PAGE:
You were driving home after a particularly fun night home when you went out of your lane slightly. In this instance, an officer saw you swerve back into your lane and pulled you over. He asked you to take a breath test, and now you've been arrested for operating while intoxicated (OWI).
What is this OWI going to do to you? How will it affect your future? Here are three things to know if you have been arrested for a first offense OWI.
There are administrative penalties
One of the first things you're going to realize after a OWI arrest is that there are administrative penalties in addition to criminal penalties such as fines, probation and the loss of your driving privileges The most serious administrative penalty is losing your license for a year on a first offense if you refused the breath test. Sometimes, you can have the suspension limited, particularly if you need to drive to get to work or school. When it's time to reinstate your license, remember that you have to obtain insurance, and it may increase in price because you received an OWI.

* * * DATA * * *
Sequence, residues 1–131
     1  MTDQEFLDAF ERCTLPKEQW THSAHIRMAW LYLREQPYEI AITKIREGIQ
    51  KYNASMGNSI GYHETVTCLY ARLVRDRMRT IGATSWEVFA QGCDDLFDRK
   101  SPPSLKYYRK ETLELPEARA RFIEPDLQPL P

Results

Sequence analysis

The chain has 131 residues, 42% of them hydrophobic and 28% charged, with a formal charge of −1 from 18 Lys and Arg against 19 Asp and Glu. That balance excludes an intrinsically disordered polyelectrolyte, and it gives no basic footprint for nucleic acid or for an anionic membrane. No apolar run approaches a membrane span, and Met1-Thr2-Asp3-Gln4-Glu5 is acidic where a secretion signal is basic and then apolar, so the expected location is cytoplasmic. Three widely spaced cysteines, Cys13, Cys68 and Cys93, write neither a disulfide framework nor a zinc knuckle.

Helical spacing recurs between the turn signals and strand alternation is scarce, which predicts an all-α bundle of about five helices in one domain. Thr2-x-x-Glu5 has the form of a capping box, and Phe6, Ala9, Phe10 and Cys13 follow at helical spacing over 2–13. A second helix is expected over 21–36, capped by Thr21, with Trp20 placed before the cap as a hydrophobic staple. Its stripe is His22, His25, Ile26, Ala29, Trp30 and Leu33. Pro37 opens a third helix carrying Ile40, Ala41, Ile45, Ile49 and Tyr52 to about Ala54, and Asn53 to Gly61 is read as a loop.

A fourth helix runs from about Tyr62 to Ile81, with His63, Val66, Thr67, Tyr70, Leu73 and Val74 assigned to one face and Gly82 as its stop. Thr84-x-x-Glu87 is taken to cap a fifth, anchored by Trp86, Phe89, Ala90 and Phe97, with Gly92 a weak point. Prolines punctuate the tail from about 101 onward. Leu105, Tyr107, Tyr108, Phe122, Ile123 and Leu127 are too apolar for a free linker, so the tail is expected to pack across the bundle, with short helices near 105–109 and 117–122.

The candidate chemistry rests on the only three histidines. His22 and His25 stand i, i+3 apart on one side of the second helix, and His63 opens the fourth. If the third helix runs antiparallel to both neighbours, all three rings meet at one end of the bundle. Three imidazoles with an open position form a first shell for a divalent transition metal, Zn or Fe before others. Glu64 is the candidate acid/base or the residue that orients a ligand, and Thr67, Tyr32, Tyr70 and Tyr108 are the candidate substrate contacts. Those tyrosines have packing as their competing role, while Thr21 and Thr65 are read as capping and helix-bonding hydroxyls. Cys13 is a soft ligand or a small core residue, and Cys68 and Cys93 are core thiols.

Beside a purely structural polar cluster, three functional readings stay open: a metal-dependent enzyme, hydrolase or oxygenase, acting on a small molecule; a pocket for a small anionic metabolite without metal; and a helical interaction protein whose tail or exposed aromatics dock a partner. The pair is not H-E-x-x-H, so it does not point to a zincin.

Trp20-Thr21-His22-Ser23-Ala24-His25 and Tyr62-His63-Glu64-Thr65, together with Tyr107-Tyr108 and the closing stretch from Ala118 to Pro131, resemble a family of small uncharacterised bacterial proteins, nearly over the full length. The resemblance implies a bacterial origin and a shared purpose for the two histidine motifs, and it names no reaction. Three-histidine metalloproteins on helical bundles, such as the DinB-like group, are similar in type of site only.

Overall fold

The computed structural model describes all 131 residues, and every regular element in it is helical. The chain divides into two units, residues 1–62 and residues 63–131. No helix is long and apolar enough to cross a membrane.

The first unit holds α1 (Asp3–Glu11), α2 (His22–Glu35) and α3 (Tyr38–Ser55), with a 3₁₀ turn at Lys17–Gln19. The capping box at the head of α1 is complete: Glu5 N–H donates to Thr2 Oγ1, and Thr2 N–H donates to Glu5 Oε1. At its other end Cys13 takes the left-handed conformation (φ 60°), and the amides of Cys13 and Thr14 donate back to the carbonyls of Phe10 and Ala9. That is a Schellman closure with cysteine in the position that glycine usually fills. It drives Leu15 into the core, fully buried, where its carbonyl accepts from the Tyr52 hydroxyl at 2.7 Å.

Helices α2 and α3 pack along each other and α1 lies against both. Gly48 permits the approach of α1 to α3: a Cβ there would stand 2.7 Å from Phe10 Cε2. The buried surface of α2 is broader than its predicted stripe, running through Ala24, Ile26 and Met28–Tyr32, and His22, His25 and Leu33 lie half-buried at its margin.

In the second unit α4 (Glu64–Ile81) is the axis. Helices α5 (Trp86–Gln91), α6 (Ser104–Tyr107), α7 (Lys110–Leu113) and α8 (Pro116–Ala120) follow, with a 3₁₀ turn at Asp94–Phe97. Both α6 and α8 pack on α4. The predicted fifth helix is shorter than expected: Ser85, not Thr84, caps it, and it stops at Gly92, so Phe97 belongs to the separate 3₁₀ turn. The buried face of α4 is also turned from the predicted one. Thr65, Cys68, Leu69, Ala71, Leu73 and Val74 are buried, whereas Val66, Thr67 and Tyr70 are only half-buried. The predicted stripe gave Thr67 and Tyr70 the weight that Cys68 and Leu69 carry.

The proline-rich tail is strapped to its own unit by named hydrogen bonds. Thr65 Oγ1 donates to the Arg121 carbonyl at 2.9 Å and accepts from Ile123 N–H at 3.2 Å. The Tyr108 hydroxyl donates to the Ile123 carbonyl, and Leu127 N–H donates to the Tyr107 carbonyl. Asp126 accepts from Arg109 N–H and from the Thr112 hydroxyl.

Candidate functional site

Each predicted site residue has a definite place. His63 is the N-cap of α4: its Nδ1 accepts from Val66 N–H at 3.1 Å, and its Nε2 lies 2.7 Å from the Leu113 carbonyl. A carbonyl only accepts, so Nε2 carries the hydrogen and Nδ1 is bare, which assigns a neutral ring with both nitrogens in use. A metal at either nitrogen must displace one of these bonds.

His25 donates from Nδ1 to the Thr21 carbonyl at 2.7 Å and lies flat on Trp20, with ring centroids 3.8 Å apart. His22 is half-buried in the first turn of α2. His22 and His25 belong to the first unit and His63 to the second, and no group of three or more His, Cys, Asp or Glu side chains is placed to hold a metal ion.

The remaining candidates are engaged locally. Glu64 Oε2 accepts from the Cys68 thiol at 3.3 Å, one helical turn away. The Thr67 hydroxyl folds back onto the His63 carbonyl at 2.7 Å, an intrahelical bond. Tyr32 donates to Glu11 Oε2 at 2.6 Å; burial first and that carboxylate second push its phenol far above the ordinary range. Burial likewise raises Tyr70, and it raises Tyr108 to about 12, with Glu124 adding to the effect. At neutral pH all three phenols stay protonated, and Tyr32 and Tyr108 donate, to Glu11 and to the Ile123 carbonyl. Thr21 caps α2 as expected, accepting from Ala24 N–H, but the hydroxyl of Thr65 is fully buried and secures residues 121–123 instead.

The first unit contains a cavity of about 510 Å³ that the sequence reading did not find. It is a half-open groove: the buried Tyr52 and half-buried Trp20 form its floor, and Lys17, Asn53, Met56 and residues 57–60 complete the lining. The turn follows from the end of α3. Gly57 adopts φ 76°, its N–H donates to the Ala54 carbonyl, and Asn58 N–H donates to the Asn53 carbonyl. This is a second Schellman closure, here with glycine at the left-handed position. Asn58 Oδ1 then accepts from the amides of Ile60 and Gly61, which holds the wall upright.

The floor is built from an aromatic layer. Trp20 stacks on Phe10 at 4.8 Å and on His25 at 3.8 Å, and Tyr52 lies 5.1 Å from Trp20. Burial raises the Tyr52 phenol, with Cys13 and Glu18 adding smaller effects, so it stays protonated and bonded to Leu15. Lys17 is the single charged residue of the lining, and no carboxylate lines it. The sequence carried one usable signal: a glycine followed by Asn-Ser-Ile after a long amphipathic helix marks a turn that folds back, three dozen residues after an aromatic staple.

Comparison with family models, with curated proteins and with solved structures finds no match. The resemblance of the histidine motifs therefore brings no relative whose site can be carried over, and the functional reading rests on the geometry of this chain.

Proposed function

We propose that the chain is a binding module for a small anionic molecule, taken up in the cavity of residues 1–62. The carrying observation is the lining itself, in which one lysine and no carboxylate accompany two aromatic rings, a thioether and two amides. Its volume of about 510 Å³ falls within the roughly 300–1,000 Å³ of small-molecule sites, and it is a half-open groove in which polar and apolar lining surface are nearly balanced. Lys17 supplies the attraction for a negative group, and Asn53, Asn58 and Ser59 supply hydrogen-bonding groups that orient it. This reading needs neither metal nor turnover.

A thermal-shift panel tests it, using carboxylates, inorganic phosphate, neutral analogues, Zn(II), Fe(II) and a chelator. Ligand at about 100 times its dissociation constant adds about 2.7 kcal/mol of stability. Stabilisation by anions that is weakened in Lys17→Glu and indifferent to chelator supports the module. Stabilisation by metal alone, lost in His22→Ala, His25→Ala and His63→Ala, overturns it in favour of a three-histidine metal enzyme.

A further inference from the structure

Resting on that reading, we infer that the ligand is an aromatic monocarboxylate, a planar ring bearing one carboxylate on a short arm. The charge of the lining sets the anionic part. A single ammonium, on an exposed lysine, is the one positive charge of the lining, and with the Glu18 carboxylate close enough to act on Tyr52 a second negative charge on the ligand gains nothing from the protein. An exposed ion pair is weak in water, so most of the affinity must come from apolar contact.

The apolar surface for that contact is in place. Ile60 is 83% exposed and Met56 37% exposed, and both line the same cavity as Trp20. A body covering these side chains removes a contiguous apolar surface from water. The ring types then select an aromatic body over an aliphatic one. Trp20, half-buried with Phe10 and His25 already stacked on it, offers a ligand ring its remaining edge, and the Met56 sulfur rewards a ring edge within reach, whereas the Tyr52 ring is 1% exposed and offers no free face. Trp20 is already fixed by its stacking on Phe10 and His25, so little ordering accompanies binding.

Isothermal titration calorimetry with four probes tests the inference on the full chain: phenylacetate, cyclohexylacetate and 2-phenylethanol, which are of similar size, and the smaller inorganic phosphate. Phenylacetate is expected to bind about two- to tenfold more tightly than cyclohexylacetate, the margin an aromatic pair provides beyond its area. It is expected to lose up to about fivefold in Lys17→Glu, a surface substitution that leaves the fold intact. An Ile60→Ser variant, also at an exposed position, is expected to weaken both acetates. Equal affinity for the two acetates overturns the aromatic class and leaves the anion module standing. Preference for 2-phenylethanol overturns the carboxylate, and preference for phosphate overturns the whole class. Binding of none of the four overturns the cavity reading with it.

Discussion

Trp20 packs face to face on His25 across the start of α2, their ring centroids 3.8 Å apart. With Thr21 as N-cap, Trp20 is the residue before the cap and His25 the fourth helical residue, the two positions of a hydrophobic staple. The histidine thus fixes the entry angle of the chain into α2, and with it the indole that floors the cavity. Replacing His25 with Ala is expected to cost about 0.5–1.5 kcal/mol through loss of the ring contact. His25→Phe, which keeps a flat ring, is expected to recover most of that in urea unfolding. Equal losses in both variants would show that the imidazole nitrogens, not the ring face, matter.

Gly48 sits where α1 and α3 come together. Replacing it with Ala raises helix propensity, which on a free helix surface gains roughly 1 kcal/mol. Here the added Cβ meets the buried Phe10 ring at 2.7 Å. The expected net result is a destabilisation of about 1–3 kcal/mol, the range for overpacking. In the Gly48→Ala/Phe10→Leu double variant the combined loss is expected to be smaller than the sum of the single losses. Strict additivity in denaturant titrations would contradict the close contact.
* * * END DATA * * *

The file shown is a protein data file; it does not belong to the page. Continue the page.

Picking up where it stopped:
You'll have to complete an alcohol assessment
One good thing Wisconsin does is require an alcohol assessment after an OWI. While this might be offensive if you only had one night out and got caught, the truth is that many people who receive OWIs struggle with alcohol abuse. Receiving treatment can help those individuals reduce the likelihood of being involved in an OWI-related accident or being caught for driving drunk again in the future.
It may be possible to seek the reduction of charges
This means that if you and your attorney work together, you may be able to have your charges reduced or altered, so you don't receive an OWI at all. You may be able to negotiate a plea deal that drops the charge if you serve the community or go to a substance abuse program. These are things to consider before you head to court.
Your attorney can help you decide on the right kind of defense or help you negotiate a plea deal.